Audrey Hepburn is luminous, waif-like, but with nobility that itself transcended her character's station. Her performance was strong, believable, and easily made me root for her the entire picture. But this is almost as much Bogart's film, and he was wonderful playing against type as a businessman instead of the rough and ready tough guys he was known for. William Holden gets to cut it up and play over the top for comic relief, and looked like he had immense fun in doing so.
While Bogart's character is able to partially play out this point of class division, much of this task is left to the supporting cast, who were absolutely authentic. John Williams plays Sabrina's father, the steady English chauffeur whose comments on class distinctions are the most profound and witty in the film. From the other side of the wealth divide is Walter Hampden as the father of the Long Island Larrabees, who is blueblood through and through. Ironically both are unwitting allies as they believe there is a divide between rich and poor that should not be crossed. As the elder Fairchild tells his daughter: "There is a front seat and a back seat, with a window in between."
The film simply sparkles with the chemistry between all the characters. Well written, brilliantly directed, and powerful performances each contribute to a whole that transcends the years, and is one of the best films of its genre ever to be released.
Now that it is released once again on DVD, let me say how surprised and happy I am about how good the picture looks, especially given the age of the film. There is very little in the way of nicks, scratches, or other film defects; the effort to clean up this 47-year-old classic was extremely well done. There is little grain to otherwise offset the image quality, and blacks are deep and contrast levels are steady. If there is any defect, it would be in the shadow detail, which is somewhat murky. Still, it is much better than I anticipated, and I have high praise for the transfer. The sound is the original mono, but was very clear without hiss or distortion. The fidelity and presence is limited both by the age and the mono nature of the track, but it fulfills all that is required of it. Extra content consists of an 11-minute featurette, which is much better than the typical promotional fare, and a selection of behind the scenes photos. I was a bit disappointed there was no trailer, but I'm happy with what was there.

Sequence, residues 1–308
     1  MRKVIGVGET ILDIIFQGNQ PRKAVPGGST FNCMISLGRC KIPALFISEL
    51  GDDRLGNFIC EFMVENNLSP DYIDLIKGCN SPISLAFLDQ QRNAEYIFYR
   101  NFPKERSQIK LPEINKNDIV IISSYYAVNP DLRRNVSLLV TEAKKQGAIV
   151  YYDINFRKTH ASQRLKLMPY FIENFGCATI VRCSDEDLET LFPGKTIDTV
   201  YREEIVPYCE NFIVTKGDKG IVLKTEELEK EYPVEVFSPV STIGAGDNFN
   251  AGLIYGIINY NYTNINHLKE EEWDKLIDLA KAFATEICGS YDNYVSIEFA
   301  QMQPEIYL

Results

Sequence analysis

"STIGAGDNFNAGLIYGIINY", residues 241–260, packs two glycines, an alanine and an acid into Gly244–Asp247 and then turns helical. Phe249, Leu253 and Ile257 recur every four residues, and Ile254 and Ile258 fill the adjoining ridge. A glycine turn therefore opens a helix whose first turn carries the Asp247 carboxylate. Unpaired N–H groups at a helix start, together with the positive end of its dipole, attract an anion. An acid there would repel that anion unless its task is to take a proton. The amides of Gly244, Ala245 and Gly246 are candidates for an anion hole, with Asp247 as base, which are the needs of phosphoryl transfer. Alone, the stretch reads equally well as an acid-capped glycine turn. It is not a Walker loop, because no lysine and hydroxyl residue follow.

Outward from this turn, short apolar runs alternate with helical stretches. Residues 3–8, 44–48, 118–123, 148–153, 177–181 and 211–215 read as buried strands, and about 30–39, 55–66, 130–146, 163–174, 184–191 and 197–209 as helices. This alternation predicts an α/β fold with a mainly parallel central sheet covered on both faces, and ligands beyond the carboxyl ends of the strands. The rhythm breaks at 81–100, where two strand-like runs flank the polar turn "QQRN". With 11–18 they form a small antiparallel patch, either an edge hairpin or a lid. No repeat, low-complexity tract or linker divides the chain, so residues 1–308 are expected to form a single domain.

The Rebuttal Witnesses
I have very little to complain about, but if I had to pick at one aspect of the film it would be in the second act, which is a bit underdeveloped. Sabrina goes off to Paris where we see a comic scene in the cooking school, which may have been funnier in 1954 than now. One other scene shows Sabrina meeting an elderly Baron, who apparently is responsible for how sophisticated she became during her time abroad, but we are left to guess at this. I'd have liked to lose the cooking scene and get a little more perspective on what she else she learned in Paris. This is an extremely small complaint, but I get to put something in this category.
If you have a romantic bone in your body, you should see this film at least once. If you are a fan of Audrey Hepburn, Humphrey Bogart, or William Holden you should see this film as well. Those of you who have seen the film can rest easy that you will get an excellent looking picture with this DVD, and I give it my recommendation for purchase.
I find that there is no basis for charges to be brought, and release this film to please another generation of romantic comedy fans.